Joel Coen goes solo with a thrilling and innovative version of Macbeth

Joel Coen goes solo with a thrilling and innovative version of Macbeth

Joyce Glasser reviews The Tragedy of Macbeth (December 26, 2021), Cert 15, 105 mins.

Joel Coen, the other half of the Coen brothers (Inside Llewyn Davis,No Country for Old Men, Barton Fink, Fargo) is 67 and has just gone solo. He has sole credit as screenplay writer and director for a surprising choice for a “Coen” film, particularly as it is based on an early 17th century play. With one caveat, this thrilling production of Shakespeare’s Macbeth, running at a pared down 105 minutes, is among the best we’ve seen. The Tragedy of Macbeth should be seen on the big screen in cinemas to get the full immersive experience Coen intended.

Macbeth must be the most adapted play in history, if we include the reimagined versions, such as Kurosawa’s 1957 Throne of Blood or Billy Morrissette’s Scotland, PA, set in a 1970’s American suburbia. The last screen version was Justin Kurzel’s 2015 Macbeth, a wild, visceral film about a serial killer (Kurzel’s speciality) on the loose on location in windswept Northumberland and on the soggy Scottish moors.

By contrast Joel Coen’s film is shot on Los Angeles sound stages. At times a fortress, at others Macbeth’s surreal, minimalist castle is a light, ephemeral construct of sharp angles, walls that open to the elements, a courtyard that fills with liquid like a cauldron, and surfaces that shift as the Macbeths lose touch with reality. The “outdoor” scenes, too, have the stylised look of a Fritz Lang movie and while no attempt is made to hide the fact that the barren, dark, foreboding landscape is a sound studio, the atmosphere is haunting and real.

These moody sets are shot in a rich monochrome by the French cinematographer Bruno Delbonnel, who captured early 1960s New York City in Inside Llewyn Davis and 1940’s London in Joe Wright’s Darkest Hour. Delbonnel’s lighting and square, claustrophobic aspect ratio, coupled with unusual camera angles turn Stefan Dechant’s sets into an ominous and supernatural, 11th century purgatory. In this chilling landscape every character, from the terrifying avian “witches” to Corey Hawkins’ heart-broken – and heart-breaking – Macduff stands out.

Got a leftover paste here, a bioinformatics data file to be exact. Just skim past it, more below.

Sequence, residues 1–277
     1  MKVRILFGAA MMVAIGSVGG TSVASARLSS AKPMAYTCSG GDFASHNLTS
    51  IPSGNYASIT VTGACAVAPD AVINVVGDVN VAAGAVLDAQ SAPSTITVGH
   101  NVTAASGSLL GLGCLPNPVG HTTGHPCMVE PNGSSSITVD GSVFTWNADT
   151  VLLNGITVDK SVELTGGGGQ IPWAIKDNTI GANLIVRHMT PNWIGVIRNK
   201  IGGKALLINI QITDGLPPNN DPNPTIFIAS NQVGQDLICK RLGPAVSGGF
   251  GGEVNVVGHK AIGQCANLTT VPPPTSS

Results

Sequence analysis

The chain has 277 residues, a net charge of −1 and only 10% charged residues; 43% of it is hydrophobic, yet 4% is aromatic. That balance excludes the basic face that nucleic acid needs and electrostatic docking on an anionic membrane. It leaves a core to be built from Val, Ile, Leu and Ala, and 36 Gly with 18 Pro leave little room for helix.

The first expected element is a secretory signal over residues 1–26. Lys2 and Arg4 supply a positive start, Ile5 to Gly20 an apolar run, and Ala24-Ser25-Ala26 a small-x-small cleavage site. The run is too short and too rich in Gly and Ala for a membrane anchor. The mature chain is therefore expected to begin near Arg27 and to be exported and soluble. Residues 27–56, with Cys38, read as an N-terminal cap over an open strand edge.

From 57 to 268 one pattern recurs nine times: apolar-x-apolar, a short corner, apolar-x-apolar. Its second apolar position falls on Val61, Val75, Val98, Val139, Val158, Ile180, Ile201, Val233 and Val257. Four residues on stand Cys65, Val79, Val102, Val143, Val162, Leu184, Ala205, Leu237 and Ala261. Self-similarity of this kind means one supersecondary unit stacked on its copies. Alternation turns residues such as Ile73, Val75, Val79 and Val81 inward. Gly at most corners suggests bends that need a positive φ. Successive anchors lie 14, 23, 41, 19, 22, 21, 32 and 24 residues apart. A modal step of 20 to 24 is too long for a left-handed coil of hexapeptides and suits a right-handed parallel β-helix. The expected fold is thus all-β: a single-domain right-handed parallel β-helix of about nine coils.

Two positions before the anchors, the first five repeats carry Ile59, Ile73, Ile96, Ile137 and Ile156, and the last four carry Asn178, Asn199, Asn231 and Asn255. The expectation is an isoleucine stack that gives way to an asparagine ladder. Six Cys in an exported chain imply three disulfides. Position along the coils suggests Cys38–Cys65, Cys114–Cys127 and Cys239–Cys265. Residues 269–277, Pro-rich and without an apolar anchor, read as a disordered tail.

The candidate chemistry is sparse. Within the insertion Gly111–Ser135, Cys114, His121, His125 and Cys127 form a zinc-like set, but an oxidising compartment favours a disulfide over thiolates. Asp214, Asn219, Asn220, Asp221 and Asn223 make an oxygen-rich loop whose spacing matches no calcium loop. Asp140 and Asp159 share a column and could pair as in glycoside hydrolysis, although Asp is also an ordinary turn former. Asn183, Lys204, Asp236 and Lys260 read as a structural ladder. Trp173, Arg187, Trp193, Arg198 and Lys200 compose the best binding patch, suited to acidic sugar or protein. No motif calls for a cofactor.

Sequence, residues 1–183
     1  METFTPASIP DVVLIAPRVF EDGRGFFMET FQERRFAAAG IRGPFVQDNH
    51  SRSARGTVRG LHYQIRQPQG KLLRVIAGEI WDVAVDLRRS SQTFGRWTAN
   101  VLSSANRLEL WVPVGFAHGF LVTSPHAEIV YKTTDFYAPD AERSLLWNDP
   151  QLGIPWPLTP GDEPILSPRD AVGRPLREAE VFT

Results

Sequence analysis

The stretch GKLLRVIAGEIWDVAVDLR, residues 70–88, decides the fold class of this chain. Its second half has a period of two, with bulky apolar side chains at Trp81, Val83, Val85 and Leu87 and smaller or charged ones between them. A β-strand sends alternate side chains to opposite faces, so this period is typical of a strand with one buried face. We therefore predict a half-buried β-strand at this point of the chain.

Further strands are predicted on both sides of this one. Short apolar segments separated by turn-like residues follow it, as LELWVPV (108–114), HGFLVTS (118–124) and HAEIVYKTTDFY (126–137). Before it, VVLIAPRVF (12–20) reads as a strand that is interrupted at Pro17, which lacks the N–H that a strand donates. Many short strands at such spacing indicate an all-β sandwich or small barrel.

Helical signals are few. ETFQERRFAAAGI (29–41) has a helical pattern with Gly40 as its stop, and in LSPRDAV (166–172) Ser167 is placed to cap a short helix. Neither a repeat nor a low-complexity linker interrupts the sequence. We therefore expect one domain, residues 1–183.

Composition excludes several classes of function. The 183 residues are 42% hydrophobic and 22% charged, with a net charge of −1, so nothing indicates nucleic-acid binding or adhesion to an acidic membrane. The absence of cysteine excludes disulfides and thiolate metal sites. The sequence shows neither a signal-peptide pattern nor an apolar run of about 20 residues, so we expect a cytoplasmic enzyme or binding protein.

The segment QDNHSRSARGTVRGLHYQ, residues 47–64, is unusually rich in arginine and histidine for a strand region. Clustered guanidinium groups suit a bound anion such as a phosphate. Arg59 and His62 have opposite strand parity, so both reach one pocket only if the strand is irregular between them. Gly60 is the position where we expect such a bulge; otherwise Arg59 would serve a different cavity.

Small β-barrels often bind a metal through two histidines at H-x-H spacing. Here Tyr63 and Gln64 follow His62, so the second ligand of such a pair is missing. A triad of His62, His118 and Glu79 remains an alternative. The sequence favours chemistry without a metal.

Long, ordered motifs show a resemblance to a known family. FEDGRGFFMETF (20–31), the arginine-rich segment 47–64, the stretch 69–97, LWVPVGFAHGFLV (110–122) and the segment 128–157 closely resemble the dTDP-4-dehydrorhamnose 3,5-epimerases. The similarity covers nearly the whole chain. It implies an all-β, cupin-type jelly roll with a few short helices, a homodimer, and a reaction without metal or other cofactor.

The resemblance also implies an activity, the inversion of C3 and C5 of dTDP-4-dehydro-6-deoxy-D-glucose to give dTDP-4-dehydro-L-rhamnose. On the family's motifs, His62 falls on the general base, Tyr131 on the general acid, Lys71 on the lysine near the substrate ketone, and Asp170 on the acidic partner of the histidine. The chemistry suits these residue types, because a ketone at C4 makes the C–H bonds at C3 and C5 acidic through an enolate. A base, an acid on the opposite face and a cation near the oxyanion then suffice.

Cohen has such a command of the play that he does not apologise for casting 66-year-old Denzel Washington in the title role, or his (Coen’s) wife, Frances McDormand, as Lady Macbeth. At 64 she is the oldest Lady Macbeth on record and a bold choice in a story that is all about heirs to the throne. Whereas babies were everywhere in Kurzel’s Macbeth, Coen’s Lady M is well beyond childbearing age. Oddly enough, the couple’s advanced age adds to the drama. As suggested in the play, this couple will be childless, so power is now – or never.

It is as though the three-times Academy Award winning McDormand has earned the right to play this coveted role, just as 82-year-old Ian McKellen played Hamlet last autumn on stage in Kingston. And McDormand does not disappoint. We feel Lady M’s ambition waning when she realises guilt has destroyed any enjoyment of their hard-won power and respect. She spends the aftermath of King Duncan’s murder doing damage control. Macbeth’s obsessions separate the close pair, and Lady M, alone with her bloody hands, goes very convincingly insane. McDormand overshadows Washington who bares his soul with gut-wrenching intensity but struggles to make all his lines sing – or sting.